Mission to Iraq
our journey to Baghdad, Iraq. We were briefed on what we might expect to see
there by a New Straits Times, Pn. Aishah Ali, who had followed Datuk Siti Hasmah
on her trip last year. We were told to expect bad conditoned hospitals, terrible
living conditions and general suffering among the people. She also told us that
due to the war and the loss of loved ones, some of the people we might meet will
be very ' different' . Different in the sense that they might not have the same
views and opinions as us and may even be weird.
first stop was at the Karadat Maryam Orphanage. This orphanage was specifically
for infants and children to the age of 7 years. We were told that the children
go through a normal daily routine as any children their age. The older children
of the orphanage (4-7 yrs) would attend playschool where games and songs are
children there were open for adoption, families and childless couples are
welcomed to adopt any child in the orphanage. Most of the children were picked
up form the streets or sent to the orphanage by hospitals. There are cases of
abandoned babies too. The babies who come from the hospitals may have lost their
parents in accidents, or their mothers' died during the delivery.
also learnt that lots of the children losed their parents to diseases like
leukemia and other cancer-related diseases. The orphanage is totally funded by
the government. Once the children reach 7 years old they are then sent to
another orphanage for older children.
of the hospitals we got to visit was the Babylon Hospital. The Babylon Hospital
is considered a referral hospital but is in bad condition. The staff at the
hospital say that they can only make do with what they have. They also mentioned
that because of the embargo, many simple complications can' t be cured because
they don' t have the proper equipment. For example the embargo allows fluids
into Iraq but disallows the bags to hold the fluids and the pipes.
things like this can create a big problem for the doctors. Infant mortality has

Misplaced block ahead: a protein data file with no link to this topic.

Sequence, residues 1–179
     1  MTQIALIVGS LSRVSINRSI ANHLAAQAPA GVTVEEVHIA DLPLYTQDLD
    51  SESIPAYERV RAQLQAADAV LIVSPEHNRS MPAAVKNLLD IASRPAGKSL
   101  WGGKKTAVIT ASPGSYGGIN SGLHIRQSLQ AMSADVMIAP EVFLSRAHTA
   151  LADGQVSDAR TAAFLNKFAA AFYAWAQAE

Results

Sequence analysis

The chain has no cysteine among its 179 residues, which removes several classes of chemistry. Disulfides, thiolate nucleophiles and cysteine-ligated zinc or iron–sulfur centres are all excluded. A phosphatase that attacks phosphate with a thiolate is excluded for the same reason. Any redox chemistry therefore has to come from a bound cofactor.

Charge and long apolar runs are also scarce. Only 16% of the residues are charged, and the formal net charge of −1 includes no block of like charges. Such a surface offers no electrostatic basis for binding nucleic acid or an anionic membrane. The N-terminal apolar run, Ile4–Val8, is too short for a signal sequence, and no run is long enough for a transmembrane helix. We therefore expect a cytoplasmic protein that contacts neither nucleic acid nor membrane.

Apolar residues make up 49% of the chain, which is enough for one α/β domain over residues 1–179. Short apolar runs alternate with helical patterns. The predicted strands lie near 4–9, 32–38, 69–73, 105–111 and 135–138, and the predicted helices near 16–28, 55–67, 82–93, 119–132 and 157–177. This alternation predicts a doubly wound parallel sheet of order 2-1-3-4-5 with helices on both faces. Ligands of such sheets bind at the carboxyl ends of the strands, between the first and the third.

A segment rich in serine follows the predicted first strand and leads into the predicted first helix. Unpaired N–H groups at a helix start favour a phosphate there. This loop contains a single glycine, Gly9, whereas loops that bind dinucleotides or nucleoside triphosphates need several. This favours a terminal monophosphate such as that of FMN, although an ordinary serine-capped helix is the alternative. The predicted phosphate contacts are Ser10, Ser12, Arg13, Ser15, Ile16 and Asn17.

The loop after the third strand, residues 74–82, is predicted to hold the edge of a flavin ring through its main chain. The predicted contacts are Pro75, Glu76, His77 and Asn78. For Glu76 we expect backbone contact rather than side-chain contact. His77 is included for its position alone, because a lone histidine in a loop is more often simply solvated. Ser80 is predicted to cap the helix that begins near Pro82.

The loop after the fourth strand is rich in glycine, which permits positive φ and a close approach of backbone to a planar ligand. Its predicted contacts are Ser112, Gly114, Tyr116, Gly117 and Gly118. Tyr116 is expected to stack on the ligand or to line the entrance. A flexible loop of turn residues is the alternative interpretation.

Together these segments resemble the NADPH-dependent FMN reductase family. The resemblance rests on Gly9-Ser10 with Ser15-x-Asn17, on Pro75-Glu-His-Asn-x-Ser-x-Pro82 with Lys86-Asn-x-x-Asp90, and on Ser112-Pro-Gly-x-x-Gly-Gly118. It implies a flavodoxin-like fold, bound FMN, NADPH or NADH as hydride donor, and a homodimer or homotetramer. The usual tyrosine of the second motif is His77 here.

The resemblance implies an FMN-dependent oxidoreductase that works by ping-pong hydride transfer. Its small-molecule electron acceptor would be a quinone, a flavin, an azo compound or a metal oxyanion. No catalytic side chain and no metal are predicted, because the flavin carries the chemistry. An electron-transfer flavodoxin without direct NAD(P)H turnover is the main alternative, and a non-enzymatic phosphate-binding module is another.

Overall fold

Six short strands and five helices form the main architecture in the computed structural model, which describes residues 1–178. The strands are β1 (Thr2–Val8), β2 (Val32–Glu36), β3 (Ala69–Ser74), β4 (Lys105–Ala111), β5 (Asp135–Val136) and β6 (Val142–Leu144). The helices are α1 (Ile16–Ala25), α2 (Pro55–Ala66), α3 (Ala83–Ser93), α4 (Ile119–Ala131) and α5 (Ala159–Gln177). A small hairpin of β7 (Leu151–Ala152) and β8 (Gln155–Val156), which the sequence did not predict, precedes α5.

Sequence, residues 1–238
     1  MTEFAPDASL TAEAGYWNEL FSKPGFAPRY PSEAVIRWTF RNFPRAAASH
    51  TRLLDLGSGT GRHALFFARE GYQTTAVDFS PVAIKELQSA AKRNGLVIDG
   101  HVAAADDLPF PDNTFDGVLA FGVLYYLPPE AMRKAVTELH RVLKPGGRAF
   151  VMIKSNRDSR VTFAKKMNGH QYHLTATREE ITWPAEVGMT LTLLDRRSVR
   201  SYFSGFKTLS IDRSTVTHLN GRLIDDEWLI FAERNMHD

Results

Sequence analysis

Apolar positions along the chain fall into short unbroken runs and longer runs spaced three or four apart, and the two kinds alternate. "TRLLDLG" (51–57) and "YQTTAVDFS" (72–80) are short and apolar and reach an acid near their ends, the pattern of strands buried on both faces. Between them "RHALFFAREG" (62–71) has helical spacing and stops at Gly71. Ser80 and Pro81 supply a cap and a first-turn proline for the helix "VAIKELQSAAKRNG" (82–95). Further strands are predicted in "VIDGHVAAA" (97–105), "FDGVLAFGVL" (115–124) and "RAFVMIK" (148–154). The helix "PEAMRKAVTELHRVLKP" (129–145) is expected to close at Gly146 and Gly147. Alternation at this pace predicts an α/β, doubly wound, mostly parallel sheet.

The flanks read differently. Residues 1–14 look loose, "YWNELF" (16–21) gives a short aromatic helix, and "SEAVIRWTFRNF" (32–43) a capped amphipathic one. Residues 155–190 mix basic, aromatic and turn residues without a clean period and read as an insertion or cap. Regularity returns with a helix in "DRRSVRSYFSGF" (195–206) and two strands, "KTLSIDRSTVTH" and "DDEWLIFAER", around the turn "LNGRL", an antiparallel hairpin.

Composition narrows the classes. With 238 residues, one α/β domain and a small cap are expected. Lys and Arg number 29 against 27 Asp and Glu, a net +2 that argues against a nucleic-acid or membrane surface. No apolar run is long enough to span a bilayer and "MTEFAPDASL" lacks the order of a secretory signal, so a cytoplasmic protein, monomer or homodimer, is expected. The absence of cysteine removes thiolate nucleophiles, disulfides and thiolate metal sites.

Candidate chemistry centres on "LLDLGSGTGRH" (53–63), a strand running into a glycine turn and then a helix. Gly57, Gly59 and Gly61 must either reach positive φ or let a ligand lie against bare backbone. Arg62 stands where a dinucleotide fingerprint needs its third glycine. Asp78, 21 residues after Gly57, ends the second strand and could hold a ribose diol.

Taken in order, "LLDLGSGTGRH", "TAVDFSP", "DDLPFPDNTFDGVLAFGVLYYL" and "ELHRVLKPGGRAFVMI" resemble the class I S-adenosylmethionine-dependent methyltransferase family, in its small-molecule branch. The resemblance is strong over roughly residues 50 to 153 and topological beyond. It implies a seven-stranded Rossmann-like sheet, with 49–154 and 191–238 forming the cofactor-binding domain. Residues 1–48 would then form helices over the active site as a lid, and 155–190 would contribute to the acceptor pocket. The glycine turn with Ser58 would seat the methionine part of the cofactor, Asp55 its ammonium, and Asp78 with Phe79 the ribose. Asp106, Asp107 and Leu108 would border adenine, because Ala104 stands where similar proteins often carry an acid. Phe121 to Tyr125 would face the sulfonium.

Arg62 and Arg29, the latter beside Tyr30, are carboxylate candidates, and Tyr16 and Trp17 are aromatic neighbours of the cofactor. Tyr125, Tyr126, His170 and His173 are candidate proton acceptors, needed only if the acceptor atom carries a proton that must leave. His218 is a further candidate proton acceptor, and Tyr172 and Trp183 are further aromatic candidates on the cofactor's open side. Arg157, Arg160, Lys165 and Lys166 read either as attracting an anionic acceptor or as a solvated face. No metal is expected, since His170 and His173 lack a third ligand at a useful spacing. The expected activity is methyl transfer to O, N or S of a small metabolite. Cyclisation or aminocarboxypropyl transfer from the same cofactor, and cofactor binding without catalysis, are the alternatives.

jumped nearly 3 folds since the war, in 1989 it was reported to be
around 47 babies per thousand but its now something like 112 per thousand
babies. The head doctor cites poverty caused by the embargo to be the cause of
high infant mortality. Lack of food and milk malnourishes these babies and cause
a low immunity rate among the babies.
of swelling of the body (lack of protein)and diaorhhea is very common.During the
war many of Iraq' s water treatment plants were desroyed
diaorhhea cases shooting up. Last year alone 200,000 cases were reported.
Thousands of weak babies die because of diaorhhea, a sickness we consider nobody
can die from in Malaysia. Cancers and tumour cases have jumped 6 folds since the
hospitals says they have only 2 drugs out of the 4 needed to proceed with
chemotherapy. From reports we believe that cancer is caused by the depleted
uranium used in armour-piercing gun shells and bombs. Depleted uranium is also
believed to be the major cause of birth abnormality.
visited the Al-Meriyah shelter where more than 400 people were bombed by US
bombers. There are only 14 survivors from that bombing. Families have been
staying over the night in the shelter to feel safe and to escape the sounds of
the bombings happening all around them since 17th January 1991, but on 13th
Febuary 1991, the shelter was hit by a US smart bomb.
first misille pierced through the Finnish-made shelter' s 2m of reinforced
concrete. The tremendous pressure cut electricity and threw people all over.
When the power was cut, the shelter' s steel doors locked down and couldn' t be
minutes later, the 2nd missile came in, throught the hole made by the 1st
missile. This missile held the explosive and burning material, scorching
everything on the 1st floor at a tempreture of 400°C. Meanwhile the hot water
boiler on the 2nd floor had burst because of the 1st missile& flooding the
service area with boiling water, killing all chance of escape for any survivors.
In this tragedy, 100 children perished.
seeing what the Iraqi children and people have gone through, I now feel very
secure and grateful for the peace in Malaysia, something I took for granted
before learning the plight of the Iraqi children.